|Player||Targets||Receptions||Yards||Targets Inside 20yds||Targets Inside 10yds|
That is pretty even production between the two of them, but Ridley is currently the 23rd WR being drafted while Sanu is going 62nd at the position. That’s a big gap that can basically be attributed to two things; touchdowns and upside. Despite not seeing much more work near the goal-line Ridley was able to put up ten touchdowns to Sanu’s four. Touchdowns are important for fantasy without a doubt, but they are difficult to project year to year. Ridley was incredibly efficient on his targets once the Falcons got close to scoring, turning seven receptions inside the 20 into six touchdowns. He also scored twice from 75 yards out, which showcases his big-play potential but is also hard to count on every week. Aside from the difference in touchdowns Ridley and Sanu produced essentially the same numbers as receivers last season.
It’s impossible to compare these two receivers without talking about upside as Ridley is an ascending talent and Sanu is a reliable veteran. Sanu is a more known quantity, and while what he offers is valuable he can’t really touch the weekly ceiling Ridley offers. On the flips side of that, Ridley is a younger player more prone to weekly inconsistency. Last year he had 30% of his yards and 40% of his touchdowns in the two games he played against the New Orleans Saints, which is incredible if you started him in those two weeks but leads to some really disappointing games spread throughout the season. Ridley needs to improve on that consistency in order to provide value as a WR2, and consistency alone will not be enough if his touchdown numbers suffer any regression. That improvement could happen, but Ridley is being drafted as if it already has. It is dangerous drafting a player this much closer to their ceiling than their floor, whereas Sanu is currently being drafted below his floor. Sanu should be a value either way, but if the touchdowns break his way this season instead of Ridley’s, then Sanu will easily finish higher in fantasy scoring.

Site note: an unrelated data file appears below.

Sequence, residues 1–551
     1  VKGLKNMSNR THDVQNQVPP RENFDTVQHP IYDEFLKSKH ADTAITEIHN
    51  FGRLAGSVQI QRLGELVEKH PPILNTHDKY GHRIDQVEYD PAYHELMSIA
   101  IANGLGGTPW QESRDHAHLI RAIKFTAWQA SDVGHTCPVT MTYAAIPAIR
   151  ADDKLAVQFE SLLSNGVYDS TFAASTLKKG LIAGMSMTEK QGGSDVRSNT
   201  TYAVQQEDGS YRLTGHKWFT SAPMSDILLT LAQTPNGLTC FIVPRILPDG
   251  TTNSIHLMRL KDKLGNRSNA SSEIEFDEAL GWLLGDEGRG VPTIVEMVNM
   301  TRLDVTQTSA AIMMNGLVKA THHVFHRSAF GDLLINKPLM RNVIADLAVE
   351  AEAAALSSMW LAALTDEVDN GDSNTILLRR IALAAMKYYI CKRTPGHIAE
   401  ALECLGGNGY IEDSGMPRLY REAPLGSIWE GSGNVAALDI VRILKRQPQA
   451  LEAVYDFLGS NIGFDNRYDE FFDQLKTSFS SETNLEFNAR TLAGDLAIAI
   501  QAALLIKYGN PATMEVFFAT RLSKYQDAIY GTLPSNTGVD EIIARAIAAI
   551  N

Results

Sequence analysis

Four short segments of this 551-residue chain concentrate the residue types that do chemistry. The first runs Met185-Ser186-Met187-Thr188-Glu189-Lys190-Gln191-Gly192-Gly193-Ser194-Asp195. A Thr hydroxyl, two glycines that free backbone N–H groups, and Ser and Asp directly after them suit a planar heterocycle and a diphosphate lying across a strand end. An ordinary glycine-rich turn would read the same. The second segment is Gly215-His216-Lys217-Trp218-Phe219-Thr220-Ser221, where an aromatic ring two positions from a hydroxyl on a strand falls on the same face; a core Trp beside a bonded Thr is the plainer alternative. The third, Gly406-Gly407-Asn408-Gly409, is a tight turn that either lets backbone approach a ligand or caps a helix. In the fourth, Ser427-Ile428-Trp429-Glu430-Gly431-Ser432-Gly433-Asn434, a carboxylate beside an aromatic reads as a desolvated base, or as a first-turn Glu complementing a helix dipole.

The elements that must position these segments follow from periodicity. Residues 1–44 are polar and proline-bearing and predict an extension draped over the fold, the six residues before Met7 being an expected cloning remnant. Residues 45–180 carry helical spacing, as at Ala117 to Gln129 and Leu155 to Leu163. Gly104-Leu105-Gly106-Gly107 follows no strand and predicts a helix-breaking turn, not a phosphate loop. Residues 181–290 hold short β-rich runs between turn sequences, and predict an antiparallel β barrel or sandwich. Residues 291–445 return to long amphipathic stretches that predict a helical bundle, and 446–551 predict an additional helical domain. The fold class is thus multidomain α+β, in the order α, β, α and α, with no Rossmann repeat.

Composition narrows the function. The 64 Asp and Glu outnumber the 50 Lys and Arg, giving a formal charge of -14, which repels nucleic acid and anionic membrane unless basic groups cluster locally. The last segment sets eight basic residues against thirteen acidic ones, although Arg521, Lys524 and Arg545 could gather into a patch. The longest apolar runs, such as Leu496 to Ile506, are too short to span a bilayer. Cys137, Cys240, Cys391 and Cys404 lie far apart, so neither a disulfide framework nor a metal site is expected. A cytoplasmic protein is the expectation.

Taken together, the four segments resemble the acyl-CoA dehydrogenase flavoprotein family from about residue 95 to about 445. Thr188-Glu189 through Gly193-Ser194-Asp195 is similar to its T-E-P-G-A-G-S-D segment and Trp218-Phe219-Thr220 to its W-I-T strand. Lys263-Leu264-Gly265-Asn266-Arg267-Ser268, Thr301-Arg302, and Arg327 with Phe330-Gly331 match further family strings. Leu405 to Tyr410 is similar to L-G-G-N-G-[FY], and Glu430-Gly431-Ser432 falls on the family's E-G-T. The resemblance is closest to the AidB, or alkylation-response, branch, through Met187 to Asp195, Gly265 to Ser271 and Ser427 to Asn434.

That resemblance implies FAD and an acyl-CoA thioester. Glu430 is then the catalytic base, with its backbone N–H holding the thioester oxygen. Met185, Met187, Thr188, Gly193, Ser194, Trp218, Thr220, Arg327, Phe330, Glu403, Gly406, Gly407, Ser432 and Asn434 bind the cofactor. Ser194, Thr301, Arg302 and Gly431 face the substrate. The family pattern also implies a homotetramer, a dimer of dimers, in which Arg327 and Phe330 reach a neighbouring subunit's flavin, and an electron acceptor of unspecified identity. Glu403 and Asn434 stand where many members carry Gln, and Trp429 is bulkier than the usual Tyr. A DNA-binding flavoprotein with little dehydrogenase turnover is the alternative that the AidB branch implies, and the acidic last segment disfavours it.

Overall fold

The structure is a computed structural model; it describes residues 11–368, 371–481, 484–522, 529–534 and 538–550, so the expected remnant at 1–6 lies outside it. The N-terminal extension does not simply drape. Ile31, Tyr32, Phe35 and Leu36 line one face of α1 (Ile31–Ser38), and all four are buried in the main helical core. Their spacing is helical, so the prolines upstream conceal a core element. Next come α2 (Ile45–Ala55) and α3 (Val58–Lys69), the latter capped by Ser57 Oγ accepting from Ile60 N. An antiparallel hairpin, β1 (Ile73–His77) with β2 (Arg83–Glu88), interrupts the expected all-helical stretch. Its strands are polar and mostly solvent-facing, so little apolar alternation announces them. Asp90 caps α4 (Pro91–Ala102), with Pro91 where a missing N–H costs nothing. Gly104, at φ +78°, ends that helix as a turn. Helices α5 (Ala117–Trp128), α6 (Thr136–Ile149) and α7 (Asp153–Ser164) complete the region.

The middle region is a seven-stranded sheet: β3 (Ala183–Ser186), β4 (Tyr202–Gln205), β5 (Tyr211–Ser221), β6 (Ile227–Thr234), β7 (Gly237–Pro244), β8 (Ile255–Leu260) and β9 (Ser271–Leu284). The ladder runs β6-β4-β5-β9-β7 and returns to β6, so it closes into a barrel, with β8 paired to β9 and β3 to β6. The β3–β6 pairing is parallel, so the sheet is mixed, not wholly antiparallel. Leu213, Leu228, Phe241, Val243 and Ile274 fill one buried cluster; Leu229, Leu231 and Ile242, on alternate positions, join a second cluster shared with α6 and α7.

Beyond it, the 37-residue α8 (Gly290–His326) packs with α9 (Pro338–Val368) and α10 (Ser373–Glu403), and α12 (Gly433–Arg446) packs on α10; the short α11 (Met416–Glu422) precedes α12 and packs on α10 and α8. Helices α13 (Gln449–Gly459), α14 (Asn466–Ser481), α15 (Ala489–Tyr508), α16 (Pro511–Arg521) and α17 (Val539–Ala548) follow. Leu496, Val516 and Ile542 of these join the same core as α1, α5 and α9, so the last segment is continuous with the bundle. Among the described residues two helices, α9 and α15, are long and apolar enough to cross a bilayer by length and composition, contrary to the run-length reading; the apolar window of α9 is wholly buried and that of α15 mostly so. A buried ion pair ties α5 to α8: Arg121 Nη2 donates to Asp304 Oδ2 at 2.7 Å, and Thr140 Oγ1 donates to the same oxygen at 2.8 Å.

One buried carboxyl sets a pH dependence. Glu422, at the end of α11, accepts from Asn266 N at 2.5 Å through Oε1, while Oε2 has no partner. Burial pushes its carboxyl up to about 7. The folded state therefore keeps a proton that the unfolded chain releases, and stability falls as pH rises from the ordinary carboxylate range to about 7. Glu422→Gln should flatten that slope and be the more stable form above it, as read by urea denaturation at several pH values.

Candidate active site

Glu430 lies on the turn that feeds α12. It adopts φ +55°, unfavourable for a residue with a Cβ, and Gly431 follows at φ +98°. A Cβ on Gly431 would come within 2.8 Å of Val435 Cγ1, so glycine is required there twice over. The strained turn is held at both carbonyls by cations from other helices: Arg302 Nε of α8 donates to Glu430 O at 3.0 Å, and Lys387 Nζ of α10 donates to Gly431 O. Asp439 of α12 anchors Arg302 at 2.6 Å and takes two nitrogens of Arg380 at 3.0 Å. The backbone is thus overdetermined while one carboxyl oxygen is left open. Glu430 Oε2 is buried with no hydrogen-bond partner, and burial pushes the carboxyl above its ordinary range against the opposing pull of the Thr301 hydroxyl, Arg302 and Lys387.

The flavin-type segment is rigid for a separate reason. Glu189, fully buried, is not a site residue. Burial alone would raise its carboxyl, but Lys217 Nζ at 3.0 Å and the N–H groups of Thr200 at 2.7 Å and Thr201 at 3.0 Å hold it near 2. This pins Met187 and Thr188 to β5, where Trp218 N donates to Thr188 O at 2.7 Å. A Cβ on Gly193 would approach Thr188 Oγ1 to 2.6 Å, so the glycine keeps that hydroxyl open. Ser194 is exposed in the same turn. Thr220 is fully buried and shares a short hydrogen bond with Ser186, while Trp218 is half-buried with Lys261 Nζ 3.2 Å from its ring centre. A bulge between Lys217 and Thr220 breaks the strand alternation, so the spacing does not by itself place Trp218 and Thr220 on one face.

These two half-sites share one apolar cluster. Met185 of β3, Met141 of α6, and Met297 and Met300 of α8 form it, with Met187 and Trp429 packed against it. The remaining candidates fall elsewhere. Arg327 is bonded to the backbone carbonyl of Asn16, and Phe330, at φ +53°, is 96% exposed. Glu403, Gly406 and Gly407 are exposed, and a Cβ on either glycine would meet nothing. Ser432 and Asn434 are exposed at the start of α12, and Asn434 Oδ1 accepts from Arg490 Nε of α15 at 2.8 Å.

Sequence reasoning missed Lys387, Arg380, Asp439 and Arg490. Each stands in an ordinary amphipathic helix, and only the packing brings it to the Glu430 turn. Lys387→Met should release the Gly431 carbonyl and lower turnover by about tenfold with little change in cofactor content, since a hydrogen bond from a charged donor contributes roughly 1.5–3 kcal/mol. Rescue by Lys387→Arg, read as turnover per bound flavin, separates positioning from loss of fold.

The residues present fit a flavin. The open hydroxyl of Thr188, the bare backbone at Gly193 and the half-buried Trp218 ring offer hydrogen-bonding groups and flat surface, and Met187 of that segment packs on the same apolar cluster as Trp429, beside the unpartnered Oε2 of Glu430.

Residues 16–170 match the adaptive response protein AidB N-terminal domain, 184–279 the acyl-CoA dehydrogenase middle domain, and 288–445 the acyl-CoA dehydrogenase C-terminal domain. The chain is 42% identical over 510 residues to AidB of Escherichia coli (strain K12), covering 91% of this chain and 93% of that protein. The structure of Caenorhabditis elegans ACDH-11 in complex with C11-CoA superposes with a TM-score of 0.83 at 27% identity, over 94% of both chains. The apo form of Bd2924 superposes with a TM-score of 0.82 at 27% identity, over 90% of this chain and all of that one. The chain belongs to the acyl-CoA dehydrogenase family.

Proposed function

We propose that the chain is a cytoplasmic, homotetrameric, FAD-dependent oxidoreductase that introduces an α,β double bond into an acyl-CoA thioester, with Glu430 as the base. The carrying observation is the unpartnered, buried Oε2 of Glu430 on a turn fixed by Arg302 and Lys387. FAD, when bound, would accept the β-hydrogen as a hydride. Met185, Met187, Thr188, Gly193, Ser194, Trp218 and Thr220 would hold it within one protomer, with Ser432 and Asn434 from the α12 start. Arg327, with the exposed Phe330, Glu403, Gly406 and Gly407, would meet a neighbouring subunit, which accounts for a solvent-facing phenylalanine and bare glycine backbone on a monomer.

Lamar Jackson and Mark Andrews as the top QB+TE Tandem
After the season Patrick Mahomes and Travis Kelce put together it is tough to imagine any quarterback-tight end duo outscoring them, but Lamar Jackson and Mark Andrews are poised to both have breakout seasons that should put them in contention to do just that. Starting with Jackson, he has a chance to be truly special as a running quarterback. In his seven starts last season he averaged almost 80 rushing yards a game, which would put him on pace for over 1,200 yards for a full season. That would easily break the record for most rushing yards by a quarterback in a single season, and although it’s likely that Jackson scales back his rushing a little bit this season he has a very real chance of breaking that record. That sort of rushing upside gives him a great weekly floor while simultaneously letting him hit a ceiling that most other quarterbacks cannot touch.